Risk Management: It’s a Mindset, Not a Budget Line Item!

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July 03, 2012

Michelle Katics, CEO of BankersLabTM, supports the MFI sector by providing pro-bono risk-management technical assistance to microfinance institutions (MFIs). BankersLab, through its corporate social responsibility program, supports Bankers without Borders®Bankers with VisionMFIOpenSource and Kiva. We have excerpted a portion of her blog post, followed by a link to the full post.

I recently returned from a Bankers without Borders (BwB) volunteer engagement in West Bengal, India, with Society for Model Gram Bikash Kendra (GBK), a small non-profit microfinance company. As many BwB skilled volunteer-corps members can attest, volunteers typically feel they gain as much or more than the recipients of the services they provide. In this case, the experience for me highlighted important factors for success in risk management, some of which we forget from time to time in the traditional banking sector. Much of what I learned came from observing the energetic and curious discovery process of the GBK staff as they tackled typical risk management challenges.

When working with partners around the world, BwB (a Grameen Foundation initiative) recognizes that MFIs have a common need: risk management. MFIs face similar risk management challenges across the board, including how much risk to accept, how to mitigate the risk that cannot be avoided, and how to manage the real risks that are part of their day-to-day business and operations.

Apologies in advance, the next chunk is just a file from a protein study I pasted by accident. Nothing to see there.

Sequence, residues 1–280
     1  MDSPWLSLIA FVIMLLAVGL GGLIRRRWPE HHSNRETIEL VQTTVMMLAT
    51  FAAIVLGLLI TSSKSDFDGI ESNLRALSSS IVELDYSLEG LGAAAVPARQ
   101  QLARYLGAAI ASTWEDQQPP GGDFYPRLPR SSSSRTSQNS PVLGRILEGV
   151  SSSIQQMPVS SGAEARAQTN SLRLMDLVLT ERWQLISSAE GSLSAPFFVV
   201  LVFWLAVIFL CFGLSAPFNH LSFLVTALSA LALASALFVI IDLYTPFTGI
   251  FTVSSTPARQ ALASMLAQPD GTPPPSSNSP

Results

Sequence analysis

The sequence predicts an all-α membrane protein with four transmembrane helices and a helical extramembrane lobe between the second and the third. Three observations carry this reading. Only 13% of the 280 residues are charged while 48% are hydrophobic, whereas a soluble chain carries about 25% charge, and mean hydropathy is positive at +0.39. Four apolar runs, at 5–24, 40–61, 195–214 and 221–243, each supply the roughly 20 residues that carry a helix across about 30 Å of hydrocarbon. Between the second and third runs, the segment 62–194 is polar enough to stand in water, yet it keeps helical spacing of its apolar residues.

It’s free to change your mindset and habits.  The GBK staff expressed concern about how they could improve their risk management while remaining in control of their budget. They worried that IT systems and additional staff were the main (and costly) requirements for successful risk management, yet were delighted to discover simple and easy ways to improve their operations, with minimal cost. Many of these ways don’t apply to the traditional banking sector, which already has strong systems, but some of the simple ”mindset” changes are a relevant reminder for us all.  For example, GBK decided to research and implement new best practices in areas such as accounting and audit. Taking a step back to examine and improve the process can be the key to success. By doing this, they also realized the need to create contingency plans and other methods of dealing with crisis before facing one.

Another observation was the impact of GBK’s collegial and open collaboration among departments to jointly tackle risk management. In other words:

Cost of coffee and snacks for the meeting:  $20

Value:  Priceless

Continue reading the full blog post at the BankersLab blog >>

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